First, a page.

‘Labour are going to win the next election.’ This sentence has been the defining feature of so much UK political news over the last year. Based on the current polling this seems to be an accurate prediction – but beneath the surface there are traps ahead that Labour must be careful to avoid. This briefing, for those unfamiliar with the UK political landscape, will explain what the polls are suggesting and the potential for the result to be different.
The UK operates under an electoral system of First Past the Post, where whichever candidates wins the most votes in a constituency wins the seat (even with a plurality). This system heavily favours large parties, these being the left-wing Labour Party and the right-wing Conservative Party, or those with voters concentrated into seats, such as the Scottish National Party (SNP). There are 650 Parliamentary constituencies, the majority of which are concentrated in England. Under UK convention, the next general election must be held at most 5 years after the previous one, although PMs are able to call an election earlier this date. The current likeliest dates for the next general election are in either May or October of next year (the election must be held by January 2025 at the absolute latest).
The most recent UK General Election, in December 2019, saw the Conservatives smash Labour. However, beginning in late 2021 a series of scandals brought down Boris Johnson’s government. Labour surged in the polls, overtaking the Conservatives to reach 40%, with the Conservatives mired in the low 30s. Following Johnson’s replacement Liz Truss, whose premiership ended after just 44 days in catastrophe, Labour rocketed to over 50% in the polls. The advent of the new PM Rishi Sunak helped the Conservatives, bringing them to around 26-28% on average, and Labour to roughly 45%.
The past year has seen the Conservatives trying various approaches to reverse the current polling situation, with little success. Labour has spent over a year holding steady with a 20% lead – enough to easily win them a large majority. Conservative gains in the Red Wall are set to be wiped out, and even safe seats in the South of England are at risk. The situation in the devolved nations (Scotland, Wales, and Northern Ireland) paints the same picture. The polling is not just dire for the Conservatives in party vs party matchups – Rishi Sunak’s approval ratings are very poor, with the Labour leader Keir Starmer outperforming him on this metric. On specific issue polling Labour is also battering the Conservatives – including in areas where the Conservatives traditionally have an advantage, such as the economy.
UK politics also features a collection of minor parties. The most pre-eminent of these is the centrist Liberal Democrats, who have been polling at between 10-12%. This potentially could see them manage at least 20-25 seats, but tactical voting means they could win more seats than expected. Both the Green Party, a left-wing environmentalist movement, and the right-wing populist Reform UK are polling at just over 5%, but given neither has a concentrated voter base they are unlikely to take any seats. In Scotland, where the nationalist SNP has been dominant since 2015, recent scandals have seen the SNP drop and Labour surge. Current polling has them level – which would see Labour take over half the seats that Scotland has to offer. There is also the Welsh nationalist party Plaid Cymru and a cast of Northern Irish parties – who are likely to take a handful of seats between them.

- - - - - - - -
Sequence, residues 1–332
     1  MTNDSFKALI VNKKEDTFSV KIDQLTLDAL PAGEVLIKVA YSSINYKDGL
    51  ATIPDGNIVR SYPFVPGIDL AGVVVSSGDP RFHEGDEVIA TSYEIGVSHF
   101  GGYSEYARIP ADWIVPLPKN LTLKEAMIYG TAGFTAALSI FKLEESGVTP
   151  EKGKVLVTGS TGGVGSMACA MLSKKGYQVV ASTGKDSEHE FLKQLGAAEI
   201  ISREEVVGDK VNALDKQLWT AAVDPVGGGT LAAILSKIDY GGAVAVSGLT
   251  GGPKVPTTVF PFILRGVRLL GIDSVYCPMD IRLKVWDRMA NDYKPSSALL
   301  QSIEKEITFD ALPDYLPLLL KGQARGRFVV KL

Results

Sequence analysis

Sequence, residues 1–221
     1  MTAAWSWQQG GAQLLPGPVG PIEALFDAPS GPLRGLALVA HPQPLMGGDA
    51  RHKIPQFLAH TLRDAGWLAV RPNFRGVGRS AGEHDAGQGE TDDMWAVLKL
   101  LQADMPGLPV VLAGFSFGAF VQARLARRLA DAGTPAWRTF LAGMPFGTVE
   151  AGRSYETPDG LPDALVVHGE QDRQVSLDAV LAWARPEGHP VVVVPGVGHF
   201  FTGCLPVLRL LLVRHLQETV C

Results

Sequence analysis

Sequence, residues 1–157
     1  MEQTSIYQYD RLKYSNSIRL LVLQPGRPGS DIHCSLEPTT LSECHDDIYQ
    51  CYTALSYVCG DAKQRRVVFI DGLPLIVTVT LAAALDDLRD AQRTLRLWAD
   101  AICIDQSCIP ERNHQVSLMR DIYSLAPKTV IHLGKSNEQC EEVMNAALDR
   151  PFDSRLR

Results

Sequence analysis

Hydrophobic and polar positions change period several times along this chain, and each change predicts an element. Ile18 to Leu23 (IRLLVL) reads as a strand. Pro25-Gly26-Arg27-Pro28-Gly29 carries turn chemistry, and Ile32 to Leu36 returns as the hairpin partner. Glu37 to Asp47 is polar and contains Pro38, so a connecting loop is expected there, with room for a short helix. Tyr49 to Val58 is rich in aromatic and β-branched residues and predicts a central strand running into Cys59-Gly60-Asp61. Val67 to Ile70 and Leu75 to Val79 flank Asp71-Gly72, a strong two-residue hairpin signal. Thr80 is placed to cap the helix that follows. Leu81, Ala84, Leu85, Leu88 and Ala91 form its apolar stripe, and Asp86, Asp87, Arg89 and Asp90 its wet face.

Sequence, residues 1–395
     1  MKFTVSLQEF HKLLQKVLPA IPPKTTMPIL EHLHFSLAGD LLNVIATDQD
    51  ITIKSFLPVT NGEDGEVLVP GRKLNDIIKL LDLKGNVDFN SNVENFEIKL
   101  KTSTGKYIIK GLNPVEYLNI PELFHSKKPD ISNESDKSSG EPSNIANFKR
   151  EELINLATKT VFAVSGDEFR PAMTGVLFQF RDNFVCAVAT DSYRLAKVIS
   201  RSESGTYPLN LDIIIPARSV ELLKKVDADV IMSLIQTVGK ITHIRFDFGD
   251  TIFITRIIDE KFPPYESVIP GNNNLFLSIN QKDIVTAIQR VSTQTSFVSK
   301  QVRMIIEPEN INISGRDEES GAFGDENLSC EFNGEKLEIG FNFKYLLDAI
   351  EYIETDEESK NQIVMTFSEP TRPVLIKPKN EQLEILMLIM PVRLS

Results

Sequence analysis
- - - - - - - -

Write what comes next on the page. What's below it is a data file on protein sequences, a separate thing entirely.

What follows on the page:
Given all of this, it seems evident that Labour is on track to win easily. However, the next election is still months away, with many traps that Labour could still fall into. The Conservatives will not shy away from culture war issues to distract from a poor economy, having already sparked raucous debate over immigration, net zero, and transgender issues. Net zero is particularly thorny - the expansion of a Clean Air Zone in London this year by the Labour Mayor lost Labour a by-election they were tipped to win. Constituency boundary changes this year have also evened the playing field, whereas before Labour had an advantage. In addition, history shows that polling always tightens before an election as the public tunes in – Labour cannot rely on their current lead lasting until polling day.
Even if the Labour Party is not sabotaged by outside events, it may yet be sabotaged by itself. Polling shows that a significant portion of the electorate find Keir Starmer uninspiring, and his ratings (though outpacing Sunak’s) lag behind those of the Labour Party as whole significantly. The ruthless campaign he has waged against the left of the Party has proved reasonably effective at silencing dissent, but splits in the Party still remain, with the recent fractious debate over Labour’s position on Israel/Palestine being the latest example. Further provocations risk pushing out a chunk of the Party entirely – and whilst he can afford to lose their votes, it does thin his margin considerably.
Putting money on Labour winning the next election remains a very good bet. Despite their best efforts, the Conservatives are yet to find a path back and time is starting to run short. Minor parties are unlikely to put a dent in Labour’s chances of victory. But there are still many pitfalls ahead for Labour, and they risk falling prey to events, or to themselves. Labour is likely to win the next election - but they can’t yet be certain of it.
Jack Glasman – Tendo Consulting Limited